The CEO of Commonwealth Edison says the utility is continuing to push for changes that failed to win legislative approval in the spring.

Anne Pramaggiore told an audience at the City Club of Chicago that a 2011 so-called "Smart Grid" law has led to savings and a more reliable power network.

But she says further improvement—like microgrids that can keep electricity flowing when there's an outage, and charging stations for electric cars—depends on help from Springfield.

ConAgra Foods

Governor Bruce Rauner says Illinois will see a net gain of jobs from a  Fortune 500 company that just received state tax breaks. 

ConAgra already employees Illinois workers, but it's transferring them from Naperville to Chicago. That’s part of a larger move to the city from its headquarters in Omaha.

Illinois' elementary and high schools are operating as normal; funding for education was the only spending spared from Governor Bruce Rauner's veto pen. But universities are another story. They haven't gotten a dollar from the state since July.

Collectively, Illinois' public universities educate some 200,000 students a year. Now, the campuses are "on the brink of serious operational damage."

state of Illinois

Two Illinois legislators are finalists for a bigger job in state government. Frank Mautino and Elaine Nekritz -- both Democrats in the Illinois House -- are among the finalists to be auditor general next year.

State Senator Jason Barickman, a Republican from Bloomington, is on the commission that helped narrow the field. Barickman says he's optimistic the next auditor general will be selected before the current one retires at the end of this year.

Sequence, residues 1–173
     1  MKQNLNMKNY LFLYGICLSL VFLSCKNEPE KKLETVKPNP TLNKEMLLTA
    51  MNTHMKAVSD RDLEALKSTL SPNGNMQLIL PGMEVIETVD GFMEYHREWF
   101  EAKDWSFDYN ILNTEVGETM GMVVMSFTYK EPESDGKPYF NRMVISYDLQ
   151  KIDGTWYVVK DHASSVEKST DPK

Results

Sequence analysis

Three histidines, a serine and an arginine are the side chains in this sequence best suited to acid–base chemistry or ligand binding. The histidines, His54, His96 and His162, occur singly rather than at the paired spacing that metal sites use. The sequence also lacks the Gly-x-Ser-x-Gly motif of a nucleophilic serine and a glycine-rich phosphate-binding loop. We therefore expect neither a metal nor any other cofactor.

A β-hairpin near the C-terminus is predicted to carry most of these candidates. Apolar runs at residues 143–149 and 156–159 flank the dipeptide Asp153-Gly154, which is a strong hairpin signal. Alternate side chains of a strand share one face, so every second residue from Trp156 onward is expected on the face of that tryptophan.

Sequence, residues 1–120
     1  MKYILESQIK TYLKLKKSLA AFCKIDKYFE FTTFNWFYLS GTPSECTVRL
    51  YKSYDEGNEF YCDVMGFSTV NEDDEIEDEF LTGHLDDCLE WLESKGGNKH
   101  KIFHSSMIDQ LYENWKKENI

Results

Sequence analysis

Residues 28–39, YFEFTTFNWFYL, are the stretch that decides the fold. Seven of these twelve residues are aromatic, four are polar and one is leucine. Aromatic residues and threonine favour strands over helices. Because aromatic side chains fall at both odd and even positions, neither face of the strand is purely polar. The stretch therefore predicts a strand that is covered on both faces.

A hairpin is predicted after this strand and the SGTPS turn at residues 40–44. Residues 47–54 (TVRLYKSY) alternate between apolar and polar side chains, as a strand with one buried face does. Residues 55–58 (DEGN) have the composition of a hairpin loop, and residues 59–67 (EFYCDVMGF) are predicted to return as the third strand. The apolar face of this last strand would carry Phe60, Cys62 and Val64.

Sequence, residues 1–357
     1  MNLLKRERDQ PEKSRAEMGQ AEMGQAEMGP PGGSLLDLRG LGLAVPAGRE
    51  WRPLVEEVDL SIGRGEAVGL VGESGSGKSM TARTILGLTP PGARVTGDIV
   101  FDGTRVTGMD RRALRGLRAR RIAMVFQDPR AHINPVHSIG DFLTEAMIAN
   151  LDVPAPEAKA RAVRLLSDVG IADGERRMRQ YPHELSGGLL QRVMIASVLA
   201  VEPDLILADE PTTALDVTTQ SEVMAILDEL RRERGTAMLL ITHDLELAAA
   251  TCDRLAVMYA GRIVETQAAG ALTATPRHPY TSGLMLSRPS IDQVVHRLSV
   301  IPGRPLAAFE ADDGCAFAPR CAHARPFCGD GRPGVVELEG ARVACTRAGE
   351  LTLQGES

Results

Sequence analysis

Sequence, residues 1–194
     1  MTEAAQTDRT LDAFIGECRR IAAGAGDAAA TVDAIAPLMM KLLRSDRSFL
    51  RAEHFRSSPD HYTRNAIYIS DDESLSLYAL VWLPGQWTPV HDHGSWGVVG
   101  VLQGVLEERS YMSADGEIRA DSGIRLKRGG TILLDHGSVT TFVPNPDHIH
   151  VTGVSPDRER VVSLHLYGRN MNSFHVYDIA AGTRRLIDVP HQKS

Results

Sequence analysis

Amanda Vinicky / WUIS

Illinois's racing board is taking a gamble in an attempt to save the beleaguered industry.

Two historic Illinois tracks will hold no races next year. That’s a decision that could lead to their permanent closure.

The decision by Illinois's 11-member racing board was unanimous: No horses will run at Balmoral and Maywood parks in 2016.

"We can't sit out a year and survive; we'll have to default on our lease and that'll be the end of it," said Duke Johnston, a partial owner of the tracks. His family has long been in the business.


Critics say Democratic presidential candidate Bernie Sanders is too liberal, but he's gaining in polls against presumed Democratic front-runner Hillary Clinton. 

On Monday, he took his campaign to Illinois.

In 1964, Sanders graduated from the University of Chicago in a ceremony at the on-campus Rockefeller chapel.

Now as a U.S. Senator from Vermont, Sanders returned to students packing the pews to hear him speak.


Illinois is about to enter its fourth month without a budget. One of the state's top Democrats says the problem could be resolved within days, if the governor moved off his insistence that other laws pass first.

The last time Gov. Bruce Rauner and the legislative leaders all got together was when the state had no budget crisis; it was apparently in late May, before the last fiscal year was over.